As the final 10 minutes approached in Liverpool's Premier League clash with Norwich City at Carrow Road on 15 February 2020, with the score still locked at 0-0, Jordan Henderson received the ball in space in the center circle.
As he looked up to assess his options, the Reds captain spotted Sadio Mané's diagonal run between defenders from the left flank and lofted a pass his way.
Mané slightly misjudged the flight of the ball and had to readjust, but as he spun he was somehow able to bring it down with his left foot, and he then let it bounce before lashing it home at the near post. It proved to be enough to grab another victory for his side on its march to the title.
"The way Sadio Mané takes that out of the air and the way he snaps at it with his weaker foot is frightening," Norwich star Todd Cantwell said afterward (via the club's official website).
"We knew we were up against some of the best players in the world. Any sniff of a chance and you've got a horrible feeling they’re going to take it."
Indeed, one overlooked aspect of Mané's brilliance during his time at Liverpool was what you might call his balanced goalscoring.
The winger was right-footed but was also prolific with his left, as the numbers demonstrate. According to Transfermarkt, Mané scored 30 'left-footed shots' from open-play, which equates to exactly a quarter of his 120 Liverpool goals.
Diogo Jota is similarly adept at using both feet, scoring 12, or 29.3 per cent, of his 41 Reds goals to date with his weaker left, while Cody Gakpo has used his left for 17 (or 27.4 per cent) of his last 62 goals at club level (which accounts for his time at both PSV and Liverpool).
Intriguingly, Mohamed Salah would appear to be much more one-footed, having only scored with his right 14 per cent of the time (26 goals overall), but that doesn't necessarily matter when you find the net as often as he does. Indeed, Liverpool's Egyptian King is poised to reach the 200-mark next season.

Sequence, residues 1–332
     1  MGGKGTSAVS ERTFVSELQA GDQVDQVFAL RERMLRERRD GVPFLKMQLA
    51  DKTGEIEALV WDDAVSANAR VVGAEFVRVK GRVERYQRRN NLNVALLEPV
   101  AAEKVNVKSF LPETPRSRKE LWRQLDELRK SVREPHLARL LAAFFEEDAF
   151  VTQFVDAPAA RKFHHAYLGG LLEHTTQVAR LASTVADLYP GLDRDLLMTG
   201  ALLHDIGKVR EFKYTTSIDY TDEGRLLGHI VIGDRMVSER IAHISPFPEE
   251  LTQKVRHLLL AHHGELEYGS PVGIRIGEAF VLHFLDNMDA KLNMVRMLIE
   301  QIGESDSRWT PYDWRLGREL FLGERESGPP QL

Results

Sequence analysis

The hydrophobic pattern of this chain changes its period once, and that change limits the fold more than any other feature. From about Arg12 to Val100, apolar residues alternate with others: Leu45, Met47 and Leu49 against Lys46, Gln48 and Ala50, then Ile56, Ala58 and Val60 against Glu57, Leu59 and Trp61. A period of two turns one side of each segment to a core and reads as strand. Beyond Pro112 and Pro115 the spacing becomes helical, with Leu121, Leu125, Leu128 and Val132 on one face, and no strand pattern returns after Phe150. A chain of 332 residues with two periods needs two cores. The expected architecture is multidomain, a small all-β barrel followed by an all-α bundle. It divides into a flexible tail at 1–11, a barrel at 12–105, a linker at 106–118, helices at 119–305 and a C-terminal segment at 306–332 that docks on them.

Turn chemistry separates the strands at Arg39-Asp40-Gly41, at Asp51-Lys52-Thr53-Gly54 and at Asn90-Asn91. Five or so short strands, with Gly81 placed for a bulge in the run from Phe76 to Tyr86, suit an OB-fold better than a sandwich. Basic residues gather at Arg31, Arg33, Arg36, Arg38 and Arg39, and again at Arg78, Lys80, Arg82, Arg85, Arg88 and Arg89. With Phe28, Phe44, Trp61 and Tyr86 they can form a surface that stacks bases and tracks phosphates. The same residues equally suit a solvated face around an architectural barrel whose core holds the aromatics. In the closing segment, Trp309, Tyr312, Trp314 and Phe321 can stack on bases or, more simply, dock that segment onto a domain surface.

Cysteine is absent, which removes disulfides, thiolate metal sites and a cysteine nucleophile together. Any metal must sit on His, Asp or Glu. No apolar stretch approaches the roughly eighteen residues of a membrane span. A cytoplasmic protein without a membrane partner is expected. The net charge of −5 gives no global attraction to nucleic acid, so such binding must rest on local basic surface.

On the other hand, Luis Díaz hasn't quite exploded for the Reds just yet, bagging 11 times in his first 47 appearances. He was a more prominent marksman for Porto — 41 in 125 — but even then he rarely finished with his left foot. In all, just eight of those 52 goals (15.4 per cent) have come from his weaker side.
We've previously written that Díaz needs to be targeting 20 goals a season, Mané's average across his Liverpool career, to truly emulate his predecessor, and one of the best ways to achieve that goal is to hone his weak foot into a more potent weapon.
Of course, a left winger cutting in will naturally have more chances on their right, though it's worth noting that Mané did play on the opposite flank during his first season at Anfield before the arrival of Salah.
But part of what made the Senegalese attacker so devastating was that he could go both ways and still convert, and that struck fear into defenders. His ability on his weak foot opened up shooting angles that wouldn't otherwise have been viable.
Liverpool recruited Díaz to be its heir to Mané, and if he's to hit the same heights on Merseyside, then he should identify this as a clear area to work on heading into the new season.